6. Waste paper pulping apparatus as defined in claim 3 wherein the ribs consist of tubular elements, a plurality of screws having pointed ends secure the tubular elements to surfaces of the frusto-conical members, and extend through the tubular members.
7. Waste paper pulping apparatus as defined in claim 1 wherein the ribs secured to the frusto-conical members of the dispersing drum consist of metal angle elements, each element includes a base leg and a projecting leg, each base leg is secured to and projects radially outwardly from a surface of one of the frusto-conical members, and each projecting leg has slots therein.
8. Waste paper pulping apparatus as defined in claim 3 wherein the disintegrating and mulching drum comprises; a first pair of frusto-conical members consisting of sheet metal mesh grating including ribs and having rectangular apertures between the ribs, the frusto-conical members being joined to each other at their bases, an end plate closing each end of each frusto-conical members opposite each base and supporting its respective frusto-conical member on a rotatable shaft, a plurality of metal angle elements, each element having a base leg and a projecting leg, each base leg being secured in radially spaced relationship to one of the frusto-conical members, each projecting leg being serrated; and the dispersing drum comprises a second pair of frusto-conical members joined to each other at their bases, a hub secured to each end of each frusto-conicl member of the second pair of the frusto-conical members opposite each base and supporting its respective frusto-conical member on a rotatable shaft, and a plurality of metal angle elements, each element having a base leg and a projecting leg, each base leg being secured in radially spaced relationship to a surface of one of the second pair of frusto-conical members, and each projecting leg having slots therein.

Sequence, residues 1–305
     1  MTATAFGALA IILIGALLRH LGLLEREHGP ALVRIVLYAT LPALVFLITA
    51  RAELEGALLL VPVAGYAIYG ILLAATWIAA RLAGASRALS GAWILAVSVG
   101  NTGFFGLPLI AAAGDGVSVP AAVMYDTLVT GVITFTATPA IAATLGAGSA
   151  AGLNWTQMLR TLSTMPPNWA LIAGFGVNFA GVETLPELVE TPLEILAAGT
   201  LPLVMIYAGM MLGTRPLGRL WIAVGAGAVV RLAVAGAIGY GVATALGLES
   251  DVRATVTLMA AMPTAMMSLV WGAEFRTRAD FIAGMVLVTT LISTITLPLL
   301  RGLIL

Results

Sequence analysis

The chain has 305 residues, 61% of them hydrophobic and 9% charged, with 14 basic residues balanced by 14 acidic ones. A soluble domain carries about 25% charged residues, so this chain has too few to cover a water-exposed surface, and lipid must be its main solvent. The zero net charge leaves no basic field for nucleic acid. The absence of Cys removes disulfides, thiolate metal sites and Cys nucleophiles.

9. Waste paper pulping apparatus as defined in claim 8 wherein a W-shaped agitator plate is secured to a surface of each of the end plates and extends within the first pair of frusto-conical members.
|1181967||May 1916||Curtis et al.|
|2775168||December 1956||Baxter, Jr.|
|3587687||June 1971||Hill et al.|
|4382559||May 10, 1983||Hellberg|
|4509697||April 9, 1985||Riemann et al.|
International Classification: B02C 1840;